S&P 500: a tale of two graphs
by George Hatjoullis
It is doom and gloom from equity pundits. They all seek a major correction or even a bear market. The arguments stand or fall on their own merits and nothing can be added that really adds light. I offer two charts of the S&P 500 going back to 1964. The first is a standard index level chart. The chart is dominated by the gyrations over the last 12 years and the rally since 2009 looks exponential and unsustainable. However there is an optical illusion at work in a levels charts that spans a long time period. A 10 point move in the S&P 500 when the index level is 100 is 10%. A 10 point move when the index level is 1800 is 0.56 of 1%. Not so much. The second chart adjusts for this optical illusion by plotting the log of the index. The chart is no longer dominated by the last 12 years. Moreover the bull market from 2009 is barely noticeable. Indeed, if you ignore the scale, what you see is a chart of a price in a long-term bull market that has just experienced a continuation pause. It has broken out of the ‘bull flag’ on the upside and resumed the uptrend. There is no reason to think that the trend will not continue for as long as the first leg, since 1964.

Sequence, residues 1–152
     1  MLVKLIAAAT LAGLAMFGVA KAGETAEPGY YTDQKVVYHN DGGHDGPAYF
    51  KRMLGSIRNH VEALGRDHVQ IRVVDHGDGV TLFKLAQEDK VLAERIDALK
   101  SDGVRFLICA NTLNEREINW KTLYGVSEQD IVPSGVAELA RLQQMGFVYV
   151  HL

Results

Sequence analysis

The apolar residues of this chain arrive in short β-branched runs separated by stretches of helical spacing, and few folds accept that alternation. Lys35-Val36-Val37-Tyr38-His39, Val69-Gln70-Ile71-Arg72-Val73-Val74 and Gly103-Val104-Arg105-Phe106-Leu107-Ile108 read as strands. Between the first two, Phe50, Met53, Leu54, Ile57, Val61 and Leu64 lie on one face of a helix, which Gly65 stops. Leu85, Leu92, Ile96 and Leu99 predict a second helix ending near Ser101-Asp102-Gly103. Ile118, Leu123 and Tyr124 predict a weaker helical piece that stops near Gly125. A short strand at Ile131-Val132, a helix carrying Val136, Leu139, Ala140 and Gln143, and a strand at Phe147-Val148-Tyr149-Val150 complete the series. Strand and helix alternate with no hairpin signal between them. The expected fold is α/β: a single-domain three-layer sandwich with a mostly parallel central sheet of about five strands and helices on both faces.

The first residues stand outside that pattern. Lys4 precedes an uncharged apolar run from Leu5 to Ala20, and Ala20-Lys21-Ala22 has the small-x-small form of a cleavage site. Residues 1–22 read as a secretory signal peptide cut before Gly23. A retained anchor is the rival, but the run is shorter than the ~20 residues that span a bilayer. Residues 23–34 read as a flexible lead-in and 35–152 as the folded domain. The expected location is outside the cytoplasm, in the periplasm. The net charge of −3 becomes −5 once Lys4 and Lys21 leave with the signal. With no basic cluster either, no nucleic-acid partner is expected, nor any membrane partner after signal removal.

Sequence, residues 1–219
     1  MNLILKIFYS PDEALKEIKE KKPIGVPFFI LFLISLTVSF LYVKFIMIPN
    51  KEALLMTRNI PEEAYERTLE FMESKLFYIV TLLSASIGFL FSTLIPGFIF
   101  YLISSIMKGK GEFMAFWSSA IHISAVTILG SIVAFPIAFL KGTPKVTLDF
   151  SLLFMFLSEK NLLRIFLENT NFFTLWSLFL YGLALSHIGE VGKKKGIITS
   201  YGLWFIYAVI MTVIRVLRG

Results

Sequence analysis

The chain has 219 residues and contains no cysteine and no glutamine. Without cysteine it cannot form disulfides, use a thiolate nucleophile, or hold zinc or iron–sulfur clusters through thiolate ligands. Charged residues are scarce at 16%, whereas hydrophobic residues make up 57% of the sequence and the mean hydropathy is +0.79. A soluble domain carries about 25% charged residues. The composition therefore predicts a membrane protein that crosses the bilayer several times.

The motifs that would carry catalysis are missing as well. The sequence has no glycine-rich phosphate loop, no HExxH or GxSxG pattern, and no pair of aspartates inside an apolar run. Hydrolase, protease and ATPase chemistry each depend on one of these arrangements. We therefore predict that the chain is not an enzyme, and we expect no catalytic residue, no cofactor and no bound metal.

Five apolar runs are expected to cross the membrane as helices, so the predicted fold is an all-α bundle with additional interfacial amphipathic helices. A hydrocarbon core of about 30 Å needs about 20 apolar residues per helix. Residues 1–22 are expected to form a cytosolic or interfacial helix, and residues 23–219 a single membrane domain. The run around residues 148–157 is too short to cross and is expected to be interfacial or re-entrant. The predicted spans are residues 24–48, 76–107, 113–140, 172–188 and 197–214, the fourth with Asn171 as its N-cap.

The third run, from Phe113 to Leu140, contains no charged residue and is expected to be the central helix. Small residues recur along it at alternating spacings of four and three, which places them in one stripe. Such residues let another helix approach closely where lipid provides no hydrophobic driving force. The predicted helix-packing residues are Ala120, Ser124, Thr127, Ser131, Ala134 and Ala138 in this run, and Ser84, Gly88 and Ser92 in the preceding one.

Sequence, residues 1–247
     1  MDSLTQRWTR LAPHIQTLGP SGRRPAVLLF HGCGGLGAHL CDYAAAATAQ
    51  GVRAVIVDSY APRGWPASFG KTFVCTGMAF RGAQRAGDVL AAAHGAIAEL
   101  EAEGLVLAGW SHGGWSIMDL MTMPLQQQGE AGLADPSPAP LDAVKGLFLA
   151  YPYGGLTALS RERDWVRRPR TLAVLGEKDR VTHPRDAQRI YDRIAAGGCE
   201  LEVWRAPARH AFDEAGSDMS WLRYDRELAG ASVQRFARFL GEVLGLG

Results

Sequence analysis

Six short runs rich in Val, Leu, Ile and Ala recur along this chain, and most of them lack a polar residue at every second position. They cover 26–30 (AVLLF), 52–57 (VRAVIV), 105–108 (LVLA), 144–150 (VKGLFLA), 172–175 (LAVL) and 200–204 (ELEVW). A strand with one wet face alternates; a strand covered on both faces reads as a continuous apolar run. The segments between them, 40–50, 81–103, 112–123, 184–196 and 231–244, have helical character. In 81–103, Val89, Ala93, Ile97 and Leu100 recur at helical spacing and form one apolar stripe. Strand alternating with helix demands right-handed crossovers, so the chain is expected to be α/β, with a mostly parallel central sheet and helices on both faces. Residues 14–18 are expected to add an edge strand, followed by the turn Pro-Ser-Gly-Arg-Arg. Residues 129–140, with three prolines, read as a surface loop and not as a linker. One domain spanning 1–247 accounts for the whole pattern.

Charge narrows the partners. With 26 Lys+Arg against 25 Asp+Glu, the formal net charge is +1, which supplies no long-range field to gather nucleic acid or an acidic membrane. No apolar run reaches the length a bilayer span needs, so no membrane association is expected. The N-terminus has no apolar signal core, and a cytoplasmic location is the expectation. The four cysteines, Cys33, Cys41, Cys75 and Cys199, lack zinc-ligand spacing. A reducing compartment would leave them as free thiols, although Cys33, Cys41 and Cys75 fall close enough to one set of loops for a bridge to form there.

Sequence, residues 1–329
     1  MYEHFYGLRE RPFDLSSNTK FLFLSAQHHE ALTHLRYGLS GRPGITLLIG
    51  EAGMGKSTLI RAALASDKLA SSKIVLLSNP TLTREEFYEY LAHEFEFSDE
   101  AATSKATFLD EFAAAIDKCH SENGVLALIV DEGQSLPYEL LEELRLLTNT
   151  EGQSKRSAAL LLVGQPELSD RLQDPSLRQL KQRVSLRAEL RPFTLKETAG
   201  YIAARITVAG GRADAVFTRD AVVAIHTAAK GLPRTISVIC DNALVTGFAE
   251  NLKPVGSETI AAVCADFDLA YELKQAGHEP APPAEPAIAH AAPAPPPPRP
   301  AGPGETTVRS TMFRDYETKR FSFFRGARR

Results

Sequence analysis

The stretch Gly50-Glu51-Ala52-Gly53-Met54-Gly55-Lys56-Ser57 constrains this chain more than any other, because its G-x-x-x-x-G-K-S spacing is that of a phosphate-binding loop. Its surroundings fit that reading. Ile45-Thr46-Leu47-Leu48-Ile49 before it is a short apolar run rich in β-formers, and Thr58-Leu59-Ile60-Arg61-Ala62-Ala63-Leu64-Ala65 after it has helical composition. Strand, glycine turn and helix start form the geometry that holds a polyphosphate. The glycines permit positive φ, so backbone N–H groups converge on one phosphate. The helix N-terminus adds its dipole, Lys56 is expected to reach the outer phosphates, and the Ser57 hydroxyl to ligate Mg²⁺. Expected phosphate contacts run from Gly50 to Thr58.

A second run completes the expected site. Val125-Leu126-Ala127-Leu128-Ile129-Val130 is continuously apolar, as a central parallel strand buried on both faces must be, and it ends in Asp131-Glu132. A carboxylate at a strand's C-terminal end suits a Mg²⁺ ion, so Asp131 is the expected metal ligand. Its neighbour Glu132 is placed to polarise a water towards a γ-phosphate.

Surely there is more to it than a simple transformation of the data to a log scale? Of course there is much more to it. However, much of the doom and gloom is based on the optical illusion present in the first chart so the log transformation is important in getting the correct perspective. A slight change in perspective can result in a profoundly different understanding. Moreover, stock prices conform to a submartingale stochastic process so going up should be the natural order of things.In an economy with a positive growth of potential GDP and ever-expanding stock of money where else should stock prices go?